SE: That's an interesting question. The honest answer is none. It really hadn't crossed my mind, although maybe it should've. But it feels a world away--literally. And as much as the deuce is about the exploitation of women, I've still always been of the mind that it's primary concern is capitalism. At the end of the day, the rich are getting richer and the little guys--the pimps and especially the girls--are getting screwed. That seemed to be the message at the end, with bearnice talking the same old sad dead-eyed talk at the parlor. It was brashly cynical--a sad way to end the show after a montage of other character's successes. Candy, I think, offers the only glimmer of hope--she's ironically become sort of a beacon of female empowerment, in her own way.

Speaking of candy, what did you think of the scene with her brother? It seemed to suggest her father was in some position of power. Either way I found it extremely touching. Whoever played her brother did not phone that performance in. 

GR: Did that scene go far enough for you in explaining Eileen's past (the one I didn't care about last week)? It seems to me that if next season takes place ten or so years from this episode, this is as good as it's going to get for us in terms of exposition about her family and background. Whatever the case, yes, this was an affecting scene. I'm always creeped out to be reminded that electroshock was still a thing up until way too recently and that there are people out there still (some in positions of power) who support gay conversion therapy. I can't argue with you about the show being pretty nakedly (pun intended) about capitalism, with all its requisite inequalities and shortcut-taking.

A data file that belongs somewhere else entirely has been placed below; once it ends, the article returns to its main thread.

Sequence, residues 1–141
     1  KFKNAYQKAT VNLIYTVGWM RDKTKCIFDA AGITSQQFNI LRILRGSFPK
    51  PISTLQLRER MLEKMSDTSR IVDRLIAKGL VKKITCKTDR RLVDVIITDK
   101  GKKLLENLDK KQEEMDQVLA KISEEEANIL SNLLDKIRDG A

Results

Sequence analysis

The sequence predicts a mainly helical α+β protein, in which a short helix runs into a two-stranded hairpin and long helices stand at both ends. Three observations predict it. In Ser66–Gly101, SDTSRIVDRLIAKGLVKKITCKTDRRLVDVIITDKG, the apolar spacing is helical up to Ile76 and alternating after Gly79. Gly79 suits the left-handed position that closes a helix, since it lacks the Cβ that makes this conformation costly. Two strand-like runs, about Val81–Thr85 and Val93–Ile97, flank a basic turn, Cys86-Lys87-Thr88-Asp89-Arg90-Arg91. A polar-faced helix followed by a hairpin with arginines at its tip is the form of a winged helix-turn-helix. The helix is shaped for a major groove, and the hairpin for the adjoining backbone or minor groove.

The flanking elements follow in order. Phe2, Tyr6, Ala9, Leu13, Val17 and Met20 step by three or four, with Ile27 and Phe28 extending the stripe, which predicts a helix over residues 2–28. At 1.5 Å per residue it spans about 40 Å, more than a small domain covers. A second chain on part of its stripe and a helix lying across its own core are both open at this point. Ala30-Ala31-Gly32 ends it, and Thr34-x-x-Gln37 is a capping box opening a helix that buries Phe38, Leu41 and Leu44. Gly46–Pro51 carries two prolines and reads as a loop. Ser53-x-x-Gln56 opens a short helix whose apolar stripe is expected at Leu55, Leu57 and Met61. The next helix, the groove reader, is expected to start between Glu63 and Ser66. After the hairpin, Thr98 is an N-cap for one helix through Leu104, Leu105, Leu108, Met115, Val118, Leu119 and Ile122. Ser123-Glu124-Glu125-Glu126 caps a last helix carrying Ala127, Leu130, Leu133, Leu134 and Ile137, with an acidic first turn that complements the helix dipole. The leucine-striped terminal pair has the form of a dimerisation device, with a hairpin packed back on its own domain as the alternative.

I've wrestled with the idea of porn stars exercising a type of feminism and female empowerment by virtue of their performing, but I've never really come to a conclusion for myself about whether I believe it—though I understand that my opinion on the matter means little. It's definitely what the show is going for in Candy's case, but my guess is that the female empowerment vibes will have worn down considerably by the end of all this. 

But let's talk about Alston real quick. The season ends before the conclusion of the 1972 Knapp Commission that uncovered for the public the widespread police corruption Alston had been witnessing and reporting back to Sandra on. Alston ended the season on a couple of down notes, but if he managed to stay clean and on his captain's good side through the end of the year, he might have been promoted a few times by the start of next season. What are your hopes and predictions for him? And one more question: C.C.'s looking desperate and obsolete by episode's end. We loved Gary Carr this season, but is there any hope of him being alive by next season? If so, did he maybe make the transition to drugs more competently than Larry? What's the best we can hope for?